- Biomechanical Analysis and Player Specific interventions- each individual player is different, and each player has weaknesses, tightness and biomechanical problems that may dispose him or her to injury. Using video analysis and functional screening tools, Therapists can identify areas of potential injury and intervene with a custom program for the individual player.
- The medical profession has begun to gather helpful information in the area of concussion and is identifying risk factors for concussion. At this time, we are developing concussion prevention activities based on the most current research, which includes core strengthening, postural control retraining, and specific cervical spine strengthening.
Ekstrand J, Hagglund M, Walden M. Epidemiology of muscle injuries in professional football (soccer). Am Journal Sport Med. 2011;39:1226-32.
Jones N. Update: Soccer injury and prevention, concussion, and chronic groin pain. Current Sports Medicine Reports. 2014: 319-325.
Dr. Jennifer Allen is a Physical Therapist, Board Certified Clinical Specialist in the Areas of Orthopaedic and Sports Physical Therapy, as well as a Certified Hand Therapist. Sports Programming at Bodycentral Physical Therapy includes Biomechanics assessment, video movement assessment, Injury Prevention, and individual and team performance enhancement. For more information visit www.BodycentralPT.netor call 520-325-4002.
With all the recent news coverage and sports medicine updates on Concussion management, it is becoming clearer to all of us that concussions are a serious concern to our athletes.
What is a concussion?
It is a traumatic brain injury that happens with a rapid motion of the head, or a direct blow to the skull. Some athlete's have described this as getting their bell "rung" or other similar descriptions. Athletes of all ages are at risk for concussions, and different sports have varying degrees of risk. Most people think of the NFL and football when we talk about concussions, but it doesn't stop there.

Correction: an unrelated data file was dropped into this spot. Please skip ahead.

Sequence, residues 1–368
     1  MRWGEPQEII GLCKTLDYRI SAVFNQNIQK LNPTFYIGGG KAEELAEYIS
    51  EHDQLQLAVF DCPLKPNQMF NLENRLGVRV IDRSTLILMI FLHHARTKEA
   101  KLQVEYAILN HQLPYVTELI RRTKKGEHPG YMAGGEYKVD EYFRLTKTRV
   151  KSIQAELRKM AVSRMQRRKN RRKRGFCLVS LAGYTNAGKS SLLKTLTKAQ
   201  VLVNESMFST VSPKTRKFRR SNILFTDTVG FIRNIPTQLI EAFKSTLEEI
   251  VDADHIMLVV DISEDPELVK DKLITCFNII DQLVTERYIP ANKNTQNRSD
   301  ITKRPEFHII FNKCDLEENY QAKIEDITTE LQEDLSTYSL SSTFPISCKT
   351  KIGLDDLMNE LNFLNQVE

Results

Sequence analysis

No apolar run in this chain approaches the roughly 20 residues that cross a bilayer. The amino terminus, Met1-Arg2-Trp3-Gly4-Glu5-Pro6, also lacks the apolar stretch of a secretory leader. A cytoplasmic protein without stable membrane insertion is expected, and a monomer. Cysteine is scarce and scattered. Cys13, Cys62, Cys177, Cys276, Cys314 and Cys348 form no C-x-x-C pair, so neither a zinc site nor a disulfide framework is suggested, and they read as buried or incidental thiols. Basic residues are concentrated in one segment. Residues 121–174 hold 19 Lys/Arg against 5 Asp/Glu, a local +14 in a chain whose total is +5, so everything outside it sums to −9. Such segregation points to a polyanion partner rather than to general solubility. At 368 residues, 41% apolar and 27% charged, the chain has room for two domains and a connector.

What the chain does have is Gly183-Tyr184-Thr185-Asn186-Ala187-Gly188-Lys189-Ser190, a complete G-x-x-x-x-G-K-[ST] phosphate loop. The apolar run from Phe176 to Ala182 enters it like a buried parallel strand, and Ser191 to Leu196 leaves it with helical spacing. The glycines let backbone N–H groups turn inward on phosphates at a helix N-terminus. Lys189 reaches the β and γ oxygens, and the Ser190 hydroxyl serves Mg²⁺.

Why are female athletes more at risk?
There are some theories to explain why concussion rates for female athletes are higher than their male counterparts, but at the time of this writing there hasn't been any hard evidence to prove any of these.
Some possible reasons: 1) Female athletes may be better at reporting their symptoms and seeking help 2) Females have a smaller mass of the head and neck, making it more difficult to absorb the injury 3) Females may have less developed neck muscles, which may lead to less control of the head during impact
Preventing and Treating Concussions
Prevention is KEY. Talking to coaches, athletic trainers, parents, athletes, Physical Therapists and others about the importance of concussions and ways to prevent them. Some of these prevention strategies include wearing the right protective gear, playing by the league rules, and making sure athletes are conditioned properly for their chosen sport.
Recovering correctly from a concussion is serious business. Recovery generally includes a period of "shutting down"- both physically and mentally. Athletes must rest from academics and from athletics-- and that means no video games or cell phones too! The brain needs a period of rest. Following this, the athlete will slowly resume activities under proper guidance of a physician, athletic trainer and physical therapist team. The athlete should only return to activity when formally cleared by the team.
Avoiding re-injury is important too. Studies show that players who have one concussion have a greater chance of having another one. With repeated concussions athletes may experience memory loss and difficulty thinking and concentrating.
What's the Risk?
Soccer- research shows female soccer is second only to male football players for the number of concussions each year. Concussions can be caused by falls, player to player impact, and from heading the ball repeatedly.
Cheerleading- high level techniques like throwing cheerleaders high in the air have led to an increase in concussions in cheerleading
Basketball- player to player contact and hitting the head on the floor may cause concussion
Skiiing/Snowboarding- high speed falls and collisions are potential for concussions
Softball- player to player collisions, sliding, and being hit by a ball are potential for concussions
Volleyball- player to player impact, and being hit by the ball or hitting the head on the court are potential problems
Prevention Strategies at Bodycentral Physical Therapy and the Ultimate Sports Asylum
Because of the prevalence of the concussion problem in female athletes, we are teaming with experts in the field to develop concussion prevention strategies and programs for athletes of all ages. For more information on these programs, please contact Dr. Jennifer Allen at firstname.lastname@example.org